[Hardcover] Liveright, 112 pp., $19.98
In the wake of the critical success of The Late Parade (“poetry as lush as any of Keats’s odes,” New York Times Book Review), Adam Fitzgerald’s George Washington follows in the documentary poetics tradition of William Carlos Williams’s In the American Grain and Susan Howe’s My Emily Dickinson. These frenetic poems channel the proper names and product placement in the suburban New Jersey memescape of the 1990s. Fitzgerald’s catalogs―a world of video games and love songs, entertainment franchises and widespread anomie―seek out the proxies by which millions now live their most intimate experiences, examining everything from sexuality and faith to the spectacles of shopping and mass shootings. The poet’s memory may prove as fungible as the once-ubiquitous VHS cassette, but these queer poems form a hypertext archive of life as it’s packaged and purveyed. Fitzgerald’s “primal vision” (Harold Bloom), so wildly alive in The Late Parade, metamorphoses into an exhilarating exploration of Americana’s dark origins.
You Must Change Your Life: The Story of Rainer Maria Rilke and Auguste Rodin by Rachel Corbett
[Hardcover] W. W. Norton & Company, 320 pp., $26.95
You Must Change Your Life reveals one of the great stories of modern art and literature: Rodin and Rilke’s years together as master and disciple, their heartbreaking rift, and ultimately their moving reconciliation. In her vibrant debut, Rachel Corbett reveals how Rodin’s influence led Rilke to write his most celebrated poems and inspired his beloved Letters to a Young Poet. She captures the dawn of modernism with appearances by Paul Cézanne, Henri Matisse, Lou Andreas-Salomé, George Bernard Shaw, and Jean Cocteau. And she recounts the remarkable friendship of two extraordinary artists whose work continues to reverberate a century later.
House of Lords and Commons: Poems by Ishion Hutchinson
[Hardcover] Farrar, Straus and Giroux, 96 pp., $23.00
In House of Lords and Commons, the revelatory and vital new collection of poems from the winner of the 2013 Whiting Writers’ Award in poetry, Ishion Hutchinson returns to the difficult beauty of the Jamaican landscape with remarkable lyric precision. Here, the poet holds his world in full focus but at an astonishing angle: from the violence of the seventeenth-century English Civil War as refracted through a mythic sea wanderer, right down to the dark interior of love.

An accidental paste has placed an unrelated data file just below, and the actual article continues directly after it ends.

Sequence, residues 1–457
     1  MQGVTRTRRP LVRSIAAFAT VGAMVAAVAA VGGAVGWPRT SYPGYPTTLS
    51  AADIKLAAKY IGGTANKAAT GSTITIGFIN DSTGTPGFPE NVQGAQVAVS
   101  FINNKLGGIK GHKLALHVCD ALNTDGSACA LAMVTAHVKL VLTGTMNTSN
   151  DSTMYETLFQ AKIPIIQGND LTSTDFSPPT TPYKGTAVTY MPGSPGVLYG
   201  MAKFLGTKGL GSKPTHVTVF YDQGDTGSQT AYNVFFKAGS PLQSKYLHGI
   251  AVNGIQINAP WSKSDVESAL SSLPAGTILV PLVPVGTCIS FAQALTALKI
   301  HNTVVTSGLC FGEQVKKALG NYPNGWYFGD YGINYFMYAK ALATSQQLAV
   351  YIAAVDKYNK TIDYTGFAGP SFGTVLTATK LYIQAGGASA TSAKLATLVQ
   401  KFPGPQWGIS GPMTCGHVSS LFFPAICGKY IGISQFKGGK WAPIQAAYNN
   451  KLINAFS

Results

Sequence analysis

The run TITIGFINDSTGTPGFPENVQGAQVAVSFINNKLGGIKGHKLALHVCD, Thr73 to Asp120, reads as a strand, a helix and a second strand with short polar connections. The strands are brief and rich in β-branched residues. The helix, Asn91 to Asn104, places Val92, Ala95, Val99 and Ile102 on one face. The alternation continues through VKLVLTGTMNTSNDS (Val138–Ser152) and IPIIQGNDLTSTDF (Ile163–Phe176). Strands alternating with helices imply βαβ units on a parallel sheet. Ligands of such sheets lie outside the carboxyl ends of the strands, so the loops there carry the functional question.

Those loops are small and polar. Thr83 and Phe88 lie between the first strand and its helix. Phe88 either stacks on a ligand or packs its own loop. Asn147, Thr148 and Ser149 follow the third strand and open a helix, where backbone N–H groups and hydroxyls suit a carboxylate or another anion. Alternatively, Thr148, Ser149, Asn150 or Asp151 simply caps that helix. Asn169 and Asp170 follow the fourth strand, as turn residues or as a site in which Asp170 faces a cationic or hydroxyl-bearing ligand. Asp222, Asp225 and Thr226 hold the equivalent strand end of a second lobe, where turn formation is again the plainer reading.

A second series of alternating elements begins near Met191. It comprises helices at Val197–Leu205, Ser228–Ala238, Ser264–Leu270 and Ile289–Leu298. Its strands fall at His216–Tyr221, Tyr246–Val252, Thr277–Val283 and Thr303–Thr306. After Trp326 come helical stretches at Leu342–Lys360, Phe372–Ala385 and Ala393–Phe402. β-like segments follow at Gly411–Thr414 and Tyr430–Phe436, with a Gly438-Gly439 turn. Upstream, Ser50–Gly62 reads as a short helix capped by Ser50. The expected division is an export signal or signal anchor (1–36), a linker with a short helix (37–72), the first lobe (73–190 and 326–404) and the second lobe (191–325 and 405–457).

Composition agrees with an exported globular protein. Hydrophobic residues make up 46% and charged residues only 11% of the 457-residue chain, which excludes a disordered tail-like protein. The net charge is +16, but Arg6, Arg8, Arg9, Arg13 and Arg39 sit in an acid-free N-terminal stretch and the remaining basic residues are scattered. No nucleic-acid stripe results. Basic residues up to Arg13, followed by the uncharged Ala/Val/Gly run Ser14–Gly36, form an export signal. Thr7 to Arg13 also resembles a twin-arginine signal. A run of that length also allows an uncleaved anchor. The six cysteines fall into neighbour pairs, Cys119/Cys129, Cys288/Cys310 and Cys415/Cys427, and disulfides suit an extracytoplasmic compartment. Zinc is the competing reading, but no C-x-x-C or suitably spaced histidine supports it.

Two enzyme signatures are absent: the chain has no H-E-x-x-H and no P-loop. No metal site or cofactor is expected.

Slant Light by Sarah Westcott
[Paperback] Liverpool University Press, 65 pp., $19.95
In her first full-length collection, Sarah Westcott immerses the human self in the natural world, giving voice to a remarkable range of flora and fauna so often silenced or unheard. Here, the voiceless speaks, laments and sings - from the fresh voice of a spring wood to a colony of bats or a grove of ancient sequioa trees. Unafraid of using scientific language and teamed with a clear eye, Westcott's poems are drawn directly from the natural world, questioning ideas of the porosity of boundaries between the human and non-human and teeming with detail. A series of lyrical charms inspired by Anglo-Saxon texts draw on the specificity of the botanical and its spoken heritage, suggesting a relevance that resonates today. Westcott's poems are alive to the beautiful in the commonplace and offer up a precise honouring of the wild, while retaining a deeply-felt sense of connection with a planet in peril
Stairway to Heaven: Poems by Alison Deming
[Paperback] Penguin Books, 112 pp., $20.00
In her fifth book of poems, Stairway to Heaven, Alison Hawthorne Deming explores dimensions of grief and renewal after losing her brother and mother. Grounded in her communion with nature and place, she finds even in Death Valley, that most stark of landscapes, a spirit of inventiveness that animates the ground we walk on. From the cave art of Chauvet to the futuristic habitat of Biosphere 2, that inventiveness becomes consolation for losses in family and nature, a means to build again a sense of self and world in the face of devastating loss.
Shortly after winning the 2013 National Book Award for her second collection of poems, “Incarnadine,” Portland’s Mary Szybist told the Paris Review that she started writing poetry when she was young, after losing her ability to pray.